Gaming the (Proportional Representation) System is an Exercise in Futility

Max the Yes, Get Indy Done, Give Us Your List Vote… all the snappy slogans in the world don’t touch the heart of the matter:  how to achieve our shared goal of living in a free, fair, and independent Scotland.

Although imperfect, the additional member system (AMS) we use to elect our representatives to the Scottish parliament is a type of proportional representation. The non-stop criticisms of AMS can make it difficult to remember that proportional representation is considered the gold standard of electoral arrangements.

Now, I have my own critiques of the system, and that’s as it should be. If I’ve ever seen a democratic arrangement aligned with my own personal views, it is almost always left on the cutting room floor. Compromise is necessary for a healthy democracy to function. That means that there will always be areas in our politics where we disagree. It is the freedom to disagree that makes democracy so powerful a system.

With this in mind, let me share a few uncomfortable truths that supermajority campaigners will not tell you:

  • There are too many unknown variables in this election to take the various How To Do Tactical Voting and D’hont for Dummies tutorials to heart. This is especially true when considering how many people are voting for the first time in the May elections. Anyone who tells you they know exactly how you should vote based on your area makes too many assumptions to be accurate.
  • Unionists deserve representation, too. Although it pains me to admit it, fair is fair. I have two kids: the most reasonable snack portions always come about when I have one child cut the pieces, and the other gets to choose.
  • Quality over quantity – not all independence supporting MSPs are created equal. Why do you think there isn’t much pushback or uproar to the new list parties? Surely the British press would be all over this, right? Not if diluting the indy representation with ineffectual MSPs helps them campaign for the union.

I don’t want a pro-independence supermajority if 15% is composed of the absurdly and unapologetically incompetent. It will not help forward the case for independence. Obviously, we all have to start our learning process somewhere, but look at how Trump turned out in the US. He, too, arrived on the scene campaigning on seductive promises, bold statements, and absolutely no plan. Look at what happened when a minority of the American electorate bought into his impossible promises.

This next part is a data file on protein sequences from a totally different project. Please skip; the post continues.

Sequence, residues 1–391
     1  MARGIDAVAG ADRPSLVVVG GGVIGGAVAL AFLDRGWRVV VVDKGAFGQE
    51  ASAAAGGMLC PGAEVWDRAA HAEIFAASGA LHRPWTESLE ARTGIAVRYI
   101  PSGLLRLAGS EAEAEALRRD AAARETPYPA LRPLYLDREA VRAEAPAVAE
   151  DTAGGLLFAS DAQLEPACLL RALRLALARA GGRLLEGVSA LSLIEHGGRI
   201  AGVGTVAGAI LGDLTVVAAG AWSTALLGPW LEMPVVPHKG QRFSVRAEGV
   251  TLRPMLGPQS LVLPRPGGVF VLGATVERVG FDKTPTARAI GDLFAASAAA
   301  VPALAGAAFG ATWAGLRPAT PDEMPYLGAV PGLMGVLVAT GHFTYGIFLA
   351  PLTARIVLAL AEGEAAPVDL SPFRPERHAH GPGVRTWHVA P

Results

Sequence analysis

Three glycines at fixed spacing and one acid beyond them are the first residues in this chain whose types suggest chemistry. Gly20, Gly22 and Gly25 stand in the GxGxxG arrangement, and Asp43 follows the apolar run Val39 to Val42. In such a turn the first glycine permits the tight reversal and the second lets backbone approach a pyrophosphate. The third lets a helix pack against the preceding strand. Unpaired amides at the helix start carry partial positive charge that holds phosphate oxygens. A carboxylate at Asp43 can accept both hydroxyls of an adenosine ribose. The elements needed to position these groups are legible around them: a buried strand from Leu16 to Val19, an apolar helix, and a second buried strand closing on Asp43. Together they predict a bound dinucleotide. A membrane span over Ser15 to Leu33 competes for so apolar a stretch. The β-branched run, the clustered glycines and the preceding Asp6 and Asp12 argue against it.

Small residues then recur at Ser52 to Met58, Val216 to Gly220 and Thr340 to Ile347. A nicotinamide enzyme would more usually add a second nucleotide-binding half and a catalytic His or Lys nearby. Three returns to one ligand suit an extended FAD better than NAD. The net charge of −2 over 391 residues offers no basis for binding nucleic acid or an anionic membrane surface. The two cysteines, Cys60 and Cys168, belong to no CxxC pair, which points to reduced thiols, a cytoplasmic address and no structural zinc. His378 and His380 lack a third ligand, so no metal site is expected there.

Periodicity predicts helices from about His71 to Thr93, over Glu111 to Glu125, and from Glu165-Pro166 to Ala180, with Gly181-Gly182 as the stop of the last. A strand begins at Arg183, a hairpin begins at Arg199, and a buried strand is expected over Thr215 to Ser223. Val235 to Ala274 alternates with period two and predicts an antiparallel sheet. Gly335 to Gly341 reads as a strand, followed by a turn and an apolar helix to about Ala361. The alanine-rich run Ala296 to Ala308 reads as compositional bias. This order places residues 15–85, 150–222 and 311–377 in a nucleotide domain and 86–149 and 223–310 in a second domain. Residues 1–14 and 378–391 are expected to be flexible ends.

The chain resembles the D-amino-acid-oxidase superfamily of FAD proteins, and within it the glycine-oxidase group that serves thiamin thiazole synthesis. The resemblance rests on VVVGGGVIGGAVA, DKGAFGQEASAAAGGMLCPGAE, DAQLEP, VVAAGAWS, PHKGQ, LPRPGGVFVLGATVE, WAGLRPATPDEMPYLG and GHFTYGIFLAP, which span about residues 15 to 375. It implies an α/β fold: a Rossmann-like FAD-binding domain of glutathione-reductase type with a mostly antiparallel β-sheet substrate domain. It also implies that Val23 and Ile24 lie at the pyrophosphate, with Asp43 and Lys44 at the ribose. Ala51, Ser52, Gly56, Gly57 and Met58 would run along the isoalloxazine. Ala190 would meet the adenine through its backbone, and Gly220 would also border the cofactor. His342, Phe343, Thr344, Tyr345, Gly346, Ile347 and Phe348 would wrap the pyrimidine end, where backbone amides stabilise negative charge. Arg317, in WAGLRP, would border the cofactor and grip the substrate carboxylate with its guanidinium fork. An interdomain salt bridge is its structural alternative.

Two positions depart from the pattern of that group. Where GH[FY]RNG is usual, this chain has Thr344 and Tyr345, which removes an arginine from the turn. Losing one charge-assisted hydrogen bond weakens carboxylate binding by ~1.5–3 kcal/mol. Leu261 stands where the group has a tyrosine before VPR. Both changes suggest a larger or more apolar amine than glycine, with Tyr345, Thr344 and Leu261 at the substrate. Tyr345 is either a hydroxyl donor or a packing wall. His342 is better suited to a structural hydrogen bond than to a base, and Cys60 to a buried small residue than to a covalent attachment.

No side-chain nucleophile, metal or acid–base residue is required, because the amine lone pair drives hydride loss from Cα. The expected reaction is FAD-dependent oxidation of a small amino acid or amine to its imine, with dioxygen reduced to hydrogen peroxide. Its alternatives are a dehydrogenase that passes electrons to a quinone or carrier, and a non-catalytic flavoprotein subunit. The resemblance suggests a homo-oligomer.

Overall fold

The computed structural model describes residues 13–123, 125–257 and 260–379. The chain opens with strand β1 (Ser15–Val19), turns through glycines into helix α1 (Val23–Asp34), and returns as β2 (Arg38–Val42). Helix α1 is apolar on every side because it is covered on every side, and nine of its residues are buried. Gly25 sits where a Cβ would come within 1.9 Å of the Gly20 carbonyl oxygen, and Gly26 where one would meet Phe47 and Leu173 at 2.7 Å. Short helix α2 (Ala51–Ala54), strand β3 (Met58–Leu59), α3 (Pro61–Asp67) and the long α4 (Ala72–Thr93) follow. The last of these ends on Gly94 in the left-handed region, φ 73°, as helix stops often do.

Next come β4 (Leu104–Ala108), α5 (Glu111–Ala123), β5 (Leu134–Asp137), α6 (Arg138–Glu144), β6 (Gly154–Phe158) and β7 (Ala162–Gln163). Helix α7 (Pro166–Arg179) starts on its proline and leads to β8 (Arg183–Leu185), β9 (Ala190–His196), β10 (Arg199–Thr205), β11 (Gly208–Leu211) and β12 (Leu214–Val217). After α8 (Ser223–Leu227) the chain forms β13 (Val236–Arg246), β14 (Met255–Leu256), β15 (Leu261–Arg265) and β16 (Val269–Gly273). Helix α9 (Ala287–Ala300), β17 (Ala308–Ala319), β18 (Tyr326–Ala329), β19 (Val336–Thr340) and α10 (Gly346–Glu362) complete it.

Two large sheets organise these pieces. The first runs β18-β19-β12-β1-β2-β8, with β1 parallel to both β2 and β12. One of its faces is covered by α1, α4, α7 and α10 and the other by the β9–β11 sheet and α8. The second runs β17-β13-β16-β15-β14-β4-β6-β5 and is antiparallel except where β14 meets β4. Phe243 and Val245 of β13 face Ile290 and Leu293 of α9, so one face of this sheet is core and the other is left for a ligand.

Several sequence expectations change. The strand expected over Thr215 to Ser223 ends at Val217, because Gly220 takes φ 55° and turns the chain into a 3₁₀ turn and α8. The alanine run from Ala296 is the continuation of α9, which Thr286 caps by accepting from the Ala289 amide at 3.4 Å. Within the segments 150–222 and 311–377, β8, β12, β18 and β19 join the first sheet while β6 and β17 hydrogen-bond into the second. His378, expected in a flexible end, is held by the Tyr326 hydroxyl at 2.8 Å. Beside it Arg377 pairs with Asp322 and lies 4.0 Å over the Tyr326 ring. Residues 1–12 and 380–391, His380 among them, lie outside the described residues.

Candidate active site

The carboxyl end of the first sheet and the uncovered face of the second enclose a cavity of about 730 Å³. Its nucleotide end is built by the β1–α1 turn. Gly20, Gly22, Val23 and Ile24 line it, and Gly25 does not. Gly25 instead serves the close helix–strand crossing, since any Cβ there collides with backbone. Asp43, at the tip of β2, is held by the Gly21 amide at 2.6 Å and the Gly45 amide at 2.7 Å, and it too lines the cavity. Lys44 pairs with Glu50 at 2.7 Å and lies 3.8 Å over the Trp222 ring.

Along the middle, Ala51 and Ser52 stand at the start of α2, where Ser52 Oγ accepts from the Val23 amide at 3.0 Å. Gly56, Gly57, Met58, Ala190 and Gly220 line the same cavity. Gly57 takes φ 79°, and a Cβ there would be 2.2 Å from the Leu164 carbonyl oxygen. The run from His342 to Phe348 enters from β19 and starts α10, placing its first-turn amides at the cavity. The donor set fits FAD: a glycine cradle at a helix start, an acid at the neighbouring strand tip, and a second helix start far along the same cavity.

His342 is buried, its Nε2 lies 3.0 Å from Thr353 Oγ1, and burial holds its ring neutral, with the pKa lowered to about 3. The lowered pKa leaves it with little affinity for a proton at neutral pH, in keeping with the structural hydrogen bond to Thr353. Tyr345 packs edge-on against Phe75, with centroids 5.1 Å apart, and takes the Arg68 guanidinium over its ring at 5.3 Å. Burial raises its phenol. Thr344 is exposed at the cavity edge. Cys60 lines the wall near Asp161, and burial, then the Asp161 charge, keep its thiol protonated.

While I am an SNP member who advocates for Both Votes SNP, it is worth noting that the Scottish Greens are also an established party supporting independence. If your values align more closely with the top Green candidate in your region, you won’t hear me tell you that it’s wrong to vote for them. These new pop-up list-only parties, however? They promise nothing but ‘delivering independence’. How will they deliver on this promise, you might ask? “Don’t worry about it!” they say with a wink and a nod.

The truth is, minority governments are often better for democracy when they work effectively. Like in the sports world, lead players can only operate at their peak when playing well-matched opponents. So much of the frustration and anger are direct products of the SNP’s status as the ‘apex predator’ with little to no competition in the field. Never forget – we are choosing who sits in our parliament for the next five years – not just a line item action plan demanding an indyref. We need to ensure that the next Scottish Government has a robust manifesto responsible for fairly governing every person in this country through our recovery from a global pandemic.

The independence movement in Scotland needs so badly to work on its team-building. Listening to the grassroots? I think that we are very well heard – it is the expectation of immediate action that isn’t in the realm of reality. A functional democracy requires trust from the people it governs: trust in the institution of voting, in the legitimacy of the parliament, and in the legitimacy of future independence referendums.

I know this is not what anyone wants to hear, but whoever said life was fair? These short cuts simply will not work. To be blunt: the only wasted vote is an uncast vote; the size of a majority matters; the will of the people matters. You are shaping the future – no matter how gradually – with every vote you cast. And gradual change is often the most lasting.